Stacy Godfreey-Igwe sat in her dorm at MIT, staring frantically at her phone. An unprecedented snowstorm had hit her hometown of Richardson, Texas, and she was struggling to contact her family. She felt worried and frustrated, aware that neighboring areas had not lost electricity during the storm but that her family home had suffered significant damage. She eventually got hold of her parents, who had taken refuge in a nearby office building, but the experience left her shaken and more determined than ever to dedicate herself to the fight against climate injustice.
Godfreey-Igwe, the daughter of Nigerian immigrants, has long been concerned about how marginalized communities may bear a disproportionate environmental burden. At MIT, she chose a dual major in Mechanical Engineering with a focus in Global and Sustainable Development, and African and African Diaspora Studies, a specialization she helped establish and became the first student to report. Originally viewing the two fields as separate, she now embraces their intersectionality in her work inside and outside the classroom.
Through an Undergraduate Research Opportunities Program (UROP) project with Amah Edoh, Homer A. Burnell Assistant Professor of Anthropology and African Studies at MIT, Godfreey-Igwe learned more about his Igbo cultural heritage. and hopes to understand what the future of climate change poses for the sustainability of culture. Godfreey-Igwe herself is her family’s “Ada” – or eldest child – a role that bears the responsibility of keeping her family’s culture alive. This sense of responsibility, to her community and to future generations, has stuck with her at MIT.
For the period of self-employment during his first year at the Institute, Godfreey-Igwe traveled to Kazakhstan via MIT’s Global Education Labs. As a student teacher, she taught Kazakh high school chemistry students about polymers and the impact plastics can have on Earth’s climate. She was also an Identity X Ambassador for MIT International Science and Technology Initiatives (MISTI) while there, blogging about her experiences as a black woman in the country. She saw the role as an opportunity to shed light on the challenges of navigating her identity abroad, hoping to foster the community through her messages.
The following summer, Godfreey-Igwe did an internship for the startup Saathi Biodegradable Sanitary Napkins in Ahmedabad, India. While there, she researched and wrote articles focused on educating the public about the benefits of green sanitary napkins for public health and the environment. She also interviewed a director of the city’s Center for Environmental Education, about the importance of uplifting and supporting marginalized communities hardest hit by climate change. The conversation was revealing for Godfreey-Igwe; she saw not only how complex the climate change mitigation process was, but also how diverse the solutions had to be.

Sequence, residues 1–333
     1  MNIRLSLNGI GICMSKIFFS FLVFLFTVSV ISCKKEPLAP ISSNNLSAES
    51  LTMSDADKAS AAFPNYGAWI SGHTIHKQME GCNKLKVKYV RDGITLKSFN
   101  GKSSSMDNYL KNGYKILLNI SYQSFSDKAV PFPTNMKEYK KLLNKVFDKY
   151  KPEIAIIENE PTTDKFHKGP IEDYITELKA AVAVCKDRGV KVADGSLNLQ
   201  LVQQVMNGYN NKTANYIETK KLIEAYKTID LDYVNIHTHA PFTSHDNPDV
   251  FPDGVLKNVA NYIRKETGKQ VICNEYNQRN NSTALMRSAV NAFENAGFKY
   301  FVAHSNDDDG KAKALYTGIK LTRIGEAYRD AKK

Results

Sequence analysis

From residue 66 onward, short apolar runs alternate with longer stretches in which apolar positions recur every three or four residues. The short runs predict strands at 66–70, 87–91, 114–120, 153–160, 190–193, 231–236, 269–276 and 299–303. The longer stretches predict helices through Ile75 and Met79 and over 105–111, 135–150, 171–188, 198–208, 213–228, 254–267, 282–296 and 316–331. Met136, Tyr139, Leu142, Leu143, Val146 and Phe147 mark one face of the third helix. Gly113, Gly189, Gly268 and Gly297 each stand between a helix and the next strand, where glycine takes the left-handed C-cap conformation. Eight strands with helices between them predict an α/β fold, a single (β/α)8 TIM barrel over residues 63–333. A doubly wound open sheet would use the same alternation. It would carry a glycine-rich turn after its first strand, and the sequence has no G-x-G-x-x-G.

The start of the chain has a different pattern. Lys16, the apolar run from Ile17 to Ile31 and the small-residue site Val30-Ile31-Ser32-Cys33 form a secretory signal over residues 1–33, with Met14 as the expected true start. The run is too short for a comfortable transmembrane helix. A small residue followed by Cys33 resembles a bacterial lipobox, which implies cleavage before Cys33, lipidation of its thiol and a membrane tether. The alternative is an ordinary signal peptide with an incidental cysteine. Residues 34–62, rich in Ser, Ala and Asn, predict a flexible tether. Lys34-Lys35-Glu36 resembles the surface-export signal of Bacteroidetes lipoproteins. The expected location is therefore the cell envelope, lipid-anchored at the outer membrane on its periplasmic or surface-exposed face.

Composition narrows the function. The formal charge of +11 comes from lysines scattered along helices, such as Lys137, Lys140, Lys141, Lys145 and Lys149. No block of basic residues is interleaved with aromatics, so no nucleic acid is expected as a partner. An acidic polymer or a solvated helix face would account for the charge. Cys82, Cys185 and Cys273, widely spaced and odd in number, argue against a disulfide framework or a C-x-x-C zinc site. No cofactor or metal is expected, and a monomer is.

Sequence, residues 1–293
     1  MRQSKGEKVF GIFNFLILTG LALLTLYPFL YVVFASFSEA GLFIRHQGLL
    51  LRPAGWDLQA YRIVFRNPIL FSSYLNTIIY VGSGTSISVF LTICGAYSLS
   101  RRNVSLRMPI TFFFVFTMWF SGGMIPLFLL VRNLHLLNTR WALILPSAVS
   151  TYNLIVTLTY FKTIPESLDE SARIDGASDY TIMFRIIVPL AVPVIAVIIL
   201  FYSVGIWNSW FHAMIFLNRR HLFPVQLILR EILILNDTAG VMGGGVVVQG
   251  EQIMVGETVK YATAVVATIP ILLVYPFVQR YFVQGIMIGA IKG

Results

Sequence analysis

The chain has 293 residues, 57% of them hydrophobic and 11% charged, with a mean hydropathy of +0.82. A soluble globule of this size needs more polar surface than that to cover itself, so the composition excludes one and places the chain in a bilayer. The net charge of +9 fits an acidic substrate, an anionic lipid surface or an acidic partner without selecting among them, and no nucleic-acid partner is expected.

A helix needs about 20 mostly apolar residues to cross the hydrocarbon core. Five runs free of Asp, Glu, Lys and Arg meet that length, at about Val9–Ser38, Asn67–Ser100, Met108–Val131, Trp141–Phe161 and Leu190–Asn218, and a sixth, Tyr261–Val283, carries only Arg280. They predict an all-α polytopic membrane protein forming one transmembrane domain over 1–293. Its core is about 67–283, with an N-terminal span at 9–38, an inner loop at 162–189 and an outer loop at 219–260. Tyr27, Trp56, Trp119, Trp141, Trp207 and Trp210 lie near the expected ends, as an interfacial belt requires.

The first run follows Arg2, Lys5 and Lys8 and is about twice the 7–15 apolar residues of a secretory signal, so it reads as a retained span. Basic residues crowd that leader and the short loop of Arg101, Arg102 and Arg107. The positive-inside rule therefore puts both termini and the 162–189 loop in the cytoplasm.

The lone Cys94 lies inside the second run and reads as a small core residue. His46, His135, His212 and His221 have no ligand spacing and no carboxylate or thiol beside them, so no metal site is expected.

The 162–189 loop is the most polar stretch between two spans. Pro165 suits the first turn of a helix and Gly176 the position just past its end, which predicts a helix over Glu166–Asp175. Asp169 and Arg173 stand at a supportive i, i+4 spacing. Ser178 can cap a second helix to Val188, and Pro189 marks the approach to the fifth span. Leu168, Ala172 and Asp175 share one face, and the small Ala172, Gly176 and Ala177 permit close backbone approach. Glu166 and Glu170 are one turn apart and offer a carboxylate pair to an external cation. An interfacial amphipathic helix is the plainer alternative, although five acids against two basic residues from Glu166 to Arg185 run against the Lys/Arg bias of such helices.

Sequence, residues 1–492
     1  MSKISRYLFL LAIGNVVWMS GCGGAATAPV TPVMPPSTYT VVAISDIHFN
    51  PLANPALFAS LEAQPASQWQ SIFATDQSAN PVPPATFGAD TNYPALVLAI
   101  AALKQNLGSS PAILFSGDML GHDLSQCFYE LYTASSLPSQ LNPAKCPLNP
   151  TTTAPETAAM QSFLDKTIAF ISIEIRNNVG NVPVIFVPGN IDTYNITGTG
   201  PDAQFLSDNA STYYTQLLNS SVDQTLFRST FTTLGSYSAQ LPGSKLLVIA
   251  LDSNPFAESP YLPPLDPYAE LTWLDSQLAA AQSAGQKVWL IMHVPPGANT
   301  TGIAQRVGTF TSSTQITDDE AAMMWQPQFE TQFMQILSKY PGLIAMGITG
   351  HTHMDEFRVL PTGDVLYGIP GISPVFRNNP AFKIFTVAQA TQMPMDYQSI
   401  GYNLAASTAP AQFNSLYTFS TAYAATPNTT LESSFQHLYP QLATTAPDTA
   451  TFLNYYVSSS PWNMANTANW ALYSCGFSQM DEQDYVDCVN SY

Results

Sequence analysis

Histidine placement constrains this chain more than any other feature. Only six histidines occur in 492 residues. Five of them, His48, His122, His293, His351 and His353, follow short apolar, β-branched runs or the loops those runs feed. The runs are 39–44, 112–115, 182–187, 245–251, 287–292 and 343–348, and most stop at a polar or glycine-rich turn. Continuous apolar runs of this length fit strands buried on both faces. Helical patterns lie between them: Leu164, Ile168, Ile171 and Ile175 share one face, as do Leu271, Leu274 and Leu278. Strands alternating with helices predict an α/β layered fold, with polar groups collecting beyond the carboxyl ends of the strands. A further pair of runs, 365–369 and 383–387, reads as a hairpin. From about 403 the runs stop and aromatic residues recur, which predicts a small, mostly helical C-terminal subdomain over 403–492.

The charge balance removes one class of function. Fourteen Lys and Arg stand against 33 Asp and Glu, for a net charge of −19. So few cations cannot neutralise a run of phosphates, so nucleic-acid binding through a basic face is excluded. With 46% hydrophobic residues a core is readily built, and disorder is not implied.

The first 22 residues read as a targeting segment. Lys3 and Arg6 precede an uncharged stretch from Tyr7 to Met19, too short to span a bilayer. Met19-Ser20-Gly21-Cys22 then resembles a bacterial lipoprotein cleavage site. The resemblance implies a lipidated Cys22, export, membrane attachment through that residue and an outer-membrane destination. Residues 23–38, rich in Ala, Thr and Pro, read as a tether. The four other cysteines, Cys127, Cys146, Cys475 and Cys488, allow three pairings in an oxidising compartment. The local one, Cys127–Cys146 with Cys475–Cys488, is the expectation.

She also continued her interest in plastics and sustainability through summer research projects. In the summer of 2020, Godfreey-Igwe worked in a laboratory in the Department of Civil and Environmental Engineering at Stanford University to create and design models that maximize the efficiency of bacterial processes leading to the creation of bioplastics. The aim of the project was to find a sustainable form of plastic degradation for future applications in the environment. She presented her research at the Harvard National Collegiate Research Conference and received a presentation award at the MIT Mechanical Engineering Research Exhibition. Last summer, she received a grant from the NSF Center for Sustainable Polymers at the University of Minnesota to work on a research project to understand the generation of microplastics.
Ultimately, Godfreey-Igwe recognizes that in order to come up with thoughtful solutions to climate issues, those hardest hit need to be part of the conversation. For her, mentoring is a key way to get more people to discuss sustainability and inclusion. This role is especially important for Godfreey-Igwe as she knows firsthand how important it is for members of under-represented groups to feel supported in a place like MIT. “The experience of coming to an institution like MIT, as a person of low income or of color, can be isolating. Especially if you feel like there are people out there who can’t relate to your past, ”she says.
Godfreey-Igwe is a member of Active Community Engagement FPOP (ACE), a campus social action group that engages with local communities through public service work. First a member as a participant, Godfreey-Igwe became an advisor and then a coordinator; She conducts social action workshops and introduces students to service opportunities both at MIT and around Boston. She says her time at ACE has helped her build her confidence in her abilities as a leader, mentor and cultivator of inclusive spaces. She is also a member of iHouse (International Development House), where she was for three years Co-Chair of Housing and Services.
Godfreey-Igwe is also a one-to-one tutoring for Tutoring Plus in Cambridge, where, since her first year, she has provided STEM mentoring and tutoring to a low-income high school student of color. Last spring she received the Tutoring Plus of Cambridge Unwavering Service Award for her service and commitment to the program.
Going forward, Godfreey-Igwe hopes to use the skills acquired through his mentoring and leadership roles to establish greater collaborative structures on climate change mitigation technologies, ideas and practices. By focusing on mentoring young scientists of color, she wants to build disadvantaged groups and institutions for sustainable climate change research, ensuring that everyone has a voice in the ongoing conversation.
“In all of this work, I hope to ensure that globally marginalized communities are more visible in climate-related spaces, both in terms of who does the engineering and for whom the engineering works,” she says. .